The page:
3. "Who would you call if you were in my shoes?"

      (You're asking someone to take ownership of your problem, by putting their ego aside and thinking as if they were you. Simple psychology that's very powerful.)

    4. "Could I have their name and number?"

      (Write it down. Hang up. Call that new person and drop the name of the person you called first.)

  2. For best results, use this script to call the most-connected person you know -- the one person who seems to know almost everybody.

    Here are three examples of how this has worked in my seminars:

    1. Ellen in Minneapolis, MN, got a networking lead at the chamber of commerce after calling a friend.

    2. Greg in Fargo, ND, got a lead on a pharmaceutical sales job by calling a friend.

    3. Pete in Chanhassen, MN, got the name of an HR rep by calling a colleague he had fallen out of touch with.

    [read more]

Wednesday July 7, 2010

Three Networking Tips from the Pros

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  1. Network with the Recently Departed

    David Perry, author of "Guerrilla Marketing For Job Hunters 2.0," shares a unique way to find and connect with employers using Google.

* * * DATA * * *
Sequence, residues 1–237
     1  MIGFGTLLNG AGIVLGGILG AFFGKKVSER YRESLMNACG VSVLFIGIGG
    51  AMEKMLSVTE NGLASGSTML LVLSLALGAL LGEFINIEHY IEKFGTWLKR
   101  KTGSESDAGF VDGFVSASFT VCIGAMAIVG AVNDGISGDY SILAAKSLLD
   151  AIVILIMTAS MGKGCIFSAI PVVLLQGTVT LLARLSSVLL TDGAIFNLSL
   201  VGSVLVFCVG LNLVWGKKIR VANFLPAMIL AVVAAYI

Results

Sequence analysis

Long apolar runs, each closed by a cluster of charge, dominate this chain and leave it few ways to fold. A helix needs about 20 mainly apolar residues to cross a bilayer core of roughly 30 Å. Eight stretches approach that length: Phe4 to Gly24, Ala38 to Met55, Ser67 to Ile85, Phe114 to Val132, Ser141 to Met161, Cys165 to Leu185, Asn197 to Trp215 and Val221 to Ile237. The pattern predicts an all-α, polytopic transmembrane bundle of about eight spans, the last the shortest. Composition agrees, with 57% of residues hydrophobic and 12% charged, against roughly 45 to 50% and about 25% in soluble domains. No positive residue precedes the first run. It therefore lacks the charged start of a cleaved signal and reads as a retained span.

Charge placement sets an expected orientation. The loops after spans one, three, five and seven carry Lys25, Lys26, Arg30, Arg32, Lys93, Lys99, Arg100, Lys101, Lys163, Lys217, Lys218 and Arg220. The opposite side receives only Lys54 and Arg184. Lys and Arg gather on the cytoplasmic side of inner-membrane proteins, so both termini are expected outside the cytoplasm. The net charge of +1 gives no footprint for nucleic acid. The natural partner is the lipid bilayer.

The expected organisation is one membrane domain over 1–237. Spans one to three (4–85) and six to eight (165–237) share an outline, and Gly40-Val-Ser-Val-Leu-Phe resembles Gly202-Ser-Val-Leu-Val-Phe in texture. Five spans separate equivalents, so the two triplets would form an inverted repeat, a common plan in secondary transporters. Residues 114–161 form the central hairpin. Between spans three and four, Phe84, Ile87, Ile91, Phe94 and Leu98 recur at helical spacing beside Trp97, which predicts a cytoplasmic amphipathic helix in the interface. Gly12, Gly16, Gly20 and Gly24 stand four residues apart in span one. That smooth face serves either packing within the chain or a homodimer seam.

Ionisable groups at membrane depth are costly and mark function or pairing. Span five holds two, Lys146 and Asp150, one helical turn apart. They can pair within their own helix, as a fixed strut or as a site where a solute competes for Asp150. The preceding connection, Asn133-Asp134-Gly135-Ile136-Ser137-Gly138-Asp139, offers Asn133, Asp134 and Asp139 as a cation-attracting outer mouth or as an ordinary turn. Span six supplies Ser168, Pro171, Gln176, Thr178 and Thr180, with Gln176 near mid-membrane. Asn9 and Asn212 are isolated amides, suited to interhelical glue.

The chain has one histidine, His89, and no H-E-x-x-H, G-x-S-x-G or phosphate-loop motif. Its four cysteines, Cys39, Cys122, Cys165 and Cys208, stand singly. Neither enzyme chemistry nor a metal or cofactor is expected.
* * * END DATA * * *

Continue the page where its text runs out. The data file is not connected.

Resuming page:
It's this: Find and call people who used to work where you want to work now. Networking.jpg

    "The fastest way to learn the real workings of an organization is to Google past employees and call them up. This is exactly what I do. Before I take a recruiting assignment from a company to place an executive there, I want to know if I'm walking into a hornet's nest," says Perry.

    Here's how to do it ...

    Google the name of your target employer and the word "resume." The search results will include resumes of people who used work there. (You may want to add the word "experience" to "resume" in your search; experiment using Google's Advanced Search options.)

    [read more]

Tuesday June 8, 2010

Can LinkedIn Help You Land a New Job?

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Linkedin.jpgSocial networking is all the rage, but can LinkedIn really help you get hired? Yes - with an emphasis on the word "help." I work closely with my career counseling clients, advising them on how to use this social media more effectively in their job search.

LinkedIn is widely used by internal staffing departments in most high tech companies and in many Fortune 1000 companies. You may hear more about Twitter or Facebook, but if you seek a promotion or new job, LinkedIn is the right network to use. Why? Two reasons. First, there are more than 70 million users on LinkedIn. It's becoming more social, easier to use, and a recruiting resource employers are using.

Second, 63% of all jobs are found through networking, according to the Department of Labor. Expanding your network of contacts is essential. And LinkedIn is an ideal tool for job hunters to add to their job search arsenals.

[read more}